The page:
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Canberra all at sea over position of Southern Ocean

By Andrew Darby
December 22, 2003

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What's in a name? When it's the Southern Ocean, it's an ocean of difference.

Australians have long felt the waves pounding the continent's southern cliffs and beaches originated in the same ocean that floated icebergs up from Antarctica. Now the Federal Government is defending this belief against the world.

The International Hydrographic Organisation, the global marine mapping body, says in a forthcoming update of its marine mapping bible, Limits of Oceans and Seas that the Southern Ocean is limited to the polar world: south of 60 degrees south.

As a result, according to the hydrographic organisation, the balmy Indian Ocean reaches right across southern Australia and washes to King Island.

The organisation nominates the Indian Ocean's boundary at 146 degrees longitude, near Tasmania's South East Cape. It says the waters of Bass Strait are part of the South Pacific, which even reaches down to penguin-populated Macquarie Island.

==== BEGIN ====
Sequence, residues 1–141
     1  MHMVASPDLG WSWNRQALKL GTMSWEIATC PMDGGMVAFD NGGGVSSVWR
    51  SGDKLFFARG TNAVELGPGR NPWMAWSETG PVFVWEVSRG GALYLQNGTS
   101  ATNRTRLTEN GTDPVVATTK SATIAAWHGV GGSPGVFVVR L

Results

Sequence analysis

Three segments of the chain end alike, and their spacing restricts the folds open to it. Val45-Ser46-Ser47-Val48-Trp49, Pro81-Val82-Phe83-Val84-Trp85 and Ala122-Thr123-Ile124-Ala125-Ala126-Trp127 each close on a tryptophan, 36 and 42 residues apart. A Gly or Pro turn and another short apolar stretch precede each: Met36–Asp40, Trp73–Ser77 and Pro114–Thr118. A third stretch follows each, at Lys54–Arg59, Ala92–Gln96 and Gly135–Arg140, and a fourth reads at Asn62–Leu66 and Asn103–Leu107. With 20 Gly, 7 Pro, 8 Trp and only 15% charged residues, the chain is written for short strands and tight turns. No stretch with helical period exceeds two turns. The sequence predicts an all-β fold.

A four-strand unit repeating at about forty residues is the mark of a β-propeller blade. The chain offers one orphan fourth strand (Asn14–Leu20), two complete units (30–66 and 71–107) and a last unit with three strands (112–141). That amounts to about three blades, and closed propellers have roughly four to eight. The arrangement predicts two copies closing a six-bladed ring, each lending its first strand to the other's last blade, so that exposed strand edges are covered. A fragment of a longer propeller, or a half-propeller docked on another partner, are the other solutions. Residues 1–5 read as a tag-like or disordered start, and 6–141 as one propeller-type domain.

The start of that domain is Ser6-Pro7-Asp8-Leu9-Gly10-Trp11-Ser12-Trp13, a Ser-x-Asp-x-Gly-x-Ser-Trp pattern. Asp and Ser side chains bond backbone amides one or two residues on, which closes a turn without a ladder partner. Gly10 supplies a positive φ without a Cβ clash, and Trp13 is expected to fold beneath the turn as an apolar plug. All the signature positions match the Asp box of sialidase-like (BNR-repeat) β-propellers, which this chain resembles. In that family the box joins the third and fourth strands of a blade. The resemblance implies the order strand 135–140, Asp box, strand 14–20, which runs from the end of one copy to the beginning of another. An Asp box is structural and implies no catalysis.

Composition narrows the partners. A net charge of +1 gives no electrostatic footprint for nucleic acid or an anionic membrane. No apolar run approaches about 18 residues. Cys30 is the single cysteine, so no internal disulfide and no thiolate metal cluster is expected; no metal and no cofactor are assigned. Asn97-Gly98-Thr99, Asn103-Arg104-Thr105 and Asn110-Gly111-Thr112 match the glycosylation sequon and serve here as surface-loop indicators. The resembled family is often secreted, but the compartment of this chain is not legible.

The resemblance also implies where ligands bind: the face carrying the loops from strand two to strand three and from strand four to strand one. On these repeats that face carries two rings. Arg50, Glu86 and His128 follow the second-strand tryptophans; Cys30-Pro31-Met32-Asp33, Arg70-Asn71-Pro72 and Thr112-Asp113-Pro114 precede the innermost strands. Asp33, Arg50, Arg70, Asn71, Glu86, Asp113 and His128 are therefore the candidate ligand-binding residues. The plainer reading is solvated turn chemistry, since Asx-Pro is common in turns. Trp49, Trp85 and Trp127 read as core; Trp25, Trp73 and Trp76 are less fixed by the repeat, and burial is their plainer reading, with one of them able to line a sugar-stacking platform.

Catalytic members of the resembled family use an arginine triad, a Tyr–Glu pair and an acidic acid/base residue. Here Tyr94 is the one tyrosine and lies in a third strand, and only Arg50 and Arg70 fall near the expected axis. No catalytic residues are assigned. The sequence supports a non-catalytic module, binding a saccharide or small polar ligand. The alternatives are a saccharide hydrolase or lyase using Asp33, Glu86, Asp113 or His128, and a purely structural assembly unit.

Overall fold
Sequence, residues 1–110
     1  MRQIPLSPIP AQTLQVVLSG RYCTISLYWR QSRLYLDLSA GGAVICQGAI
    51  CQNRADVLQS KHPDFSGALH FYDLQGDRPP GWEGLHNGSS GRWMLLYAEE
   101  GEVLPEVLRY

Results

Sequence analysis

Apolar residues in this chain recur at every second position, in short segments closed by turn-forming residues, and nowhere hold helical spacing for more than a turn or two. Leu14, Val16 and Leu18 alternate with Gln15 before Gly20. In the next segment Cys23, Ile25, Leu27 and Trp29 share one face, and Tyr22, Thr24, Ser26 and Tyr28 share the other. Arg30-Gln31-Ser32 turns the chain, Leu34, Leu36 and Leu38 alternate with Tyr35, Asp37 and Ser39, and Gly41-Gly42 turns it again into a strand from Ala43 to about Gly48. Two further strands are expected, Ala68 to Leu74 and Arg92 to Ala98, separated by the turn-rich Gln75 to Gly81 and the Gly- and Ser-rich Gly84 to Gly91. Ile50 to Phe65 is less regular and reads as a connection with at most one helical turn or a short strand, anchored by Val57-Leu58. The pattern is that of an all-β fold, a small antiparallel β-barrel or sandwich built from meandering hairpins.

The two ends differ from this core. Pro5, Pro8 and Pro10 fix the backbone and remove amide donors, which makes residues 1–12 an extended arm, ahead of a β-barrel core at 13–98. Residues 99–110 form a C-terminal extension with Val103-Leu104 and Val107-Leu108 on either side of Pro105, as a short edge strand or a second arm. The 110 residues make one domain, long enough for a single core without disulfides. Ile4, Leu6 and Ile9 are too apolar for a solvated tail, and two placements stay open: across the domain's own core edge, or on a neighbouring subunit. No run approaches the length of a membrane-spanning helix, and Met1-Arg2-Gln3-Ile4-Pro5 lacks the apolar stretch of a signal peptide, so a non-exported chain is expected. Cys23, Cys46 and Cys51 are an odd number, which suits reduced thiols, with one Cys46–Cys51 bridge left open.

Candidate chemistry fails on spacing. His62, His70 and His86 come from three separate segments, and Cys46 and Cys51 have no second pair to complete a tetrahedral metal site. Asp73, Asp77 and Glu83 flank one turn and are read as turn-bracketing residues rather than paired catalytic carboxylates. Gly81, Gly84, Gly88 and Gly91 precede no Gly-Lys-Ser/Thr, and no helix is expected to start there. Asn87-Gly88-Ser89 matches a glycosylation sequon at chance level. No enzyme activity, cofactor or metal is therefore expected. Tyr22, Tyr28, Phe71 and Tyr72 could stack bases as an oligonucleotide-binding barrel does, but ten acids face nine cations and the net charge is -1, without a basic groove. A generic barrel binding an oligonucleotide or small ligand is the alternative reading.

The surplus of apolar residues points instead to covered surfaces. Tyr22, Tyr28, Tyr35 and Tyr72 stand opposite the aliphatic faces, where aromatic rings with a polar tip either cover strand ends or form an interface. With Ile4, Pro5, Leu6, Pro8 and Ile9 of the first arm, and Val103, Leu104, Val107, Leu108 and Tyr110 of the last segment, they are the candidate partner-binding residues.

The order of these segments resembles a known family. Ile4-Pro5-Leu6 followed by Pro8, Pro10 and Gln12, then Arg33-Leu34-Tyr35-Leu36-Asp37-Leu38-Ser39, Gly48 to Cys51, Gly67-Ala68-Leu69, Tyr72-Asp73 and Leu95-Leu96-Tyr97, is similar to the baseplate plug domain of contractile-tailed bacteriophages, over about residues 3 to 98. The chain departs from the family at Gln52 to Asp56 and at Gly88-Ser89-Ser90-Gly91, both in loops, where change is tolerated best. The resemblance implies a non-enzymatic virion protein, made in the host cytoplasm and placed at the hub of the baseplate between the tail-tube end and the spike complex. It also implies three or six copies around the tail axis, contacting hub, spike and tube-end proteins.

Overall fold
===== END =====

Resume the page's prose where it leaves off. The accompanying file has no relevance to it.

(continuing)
But according to Canberra, when the Southern Ocean flows our way it encompasses something much greater. Australia has lodged a reservation to a definition in the new publication.

The Australian Hydrographic Office, a navy bureau based in Wollongong, says the Southern Ocean rises from the IHO's 60-degrees-south line at about 67 degrees east to include Heard and Macdonald islands.

From there, the line runs north-east to Cape Leeuwin in Western Australia, and then across the southern shores of Australia. At King Island the Southern Ocean turns south-east around the Tasmanian coast to include Macquarie Island before running back to the 60-degrees-south line.

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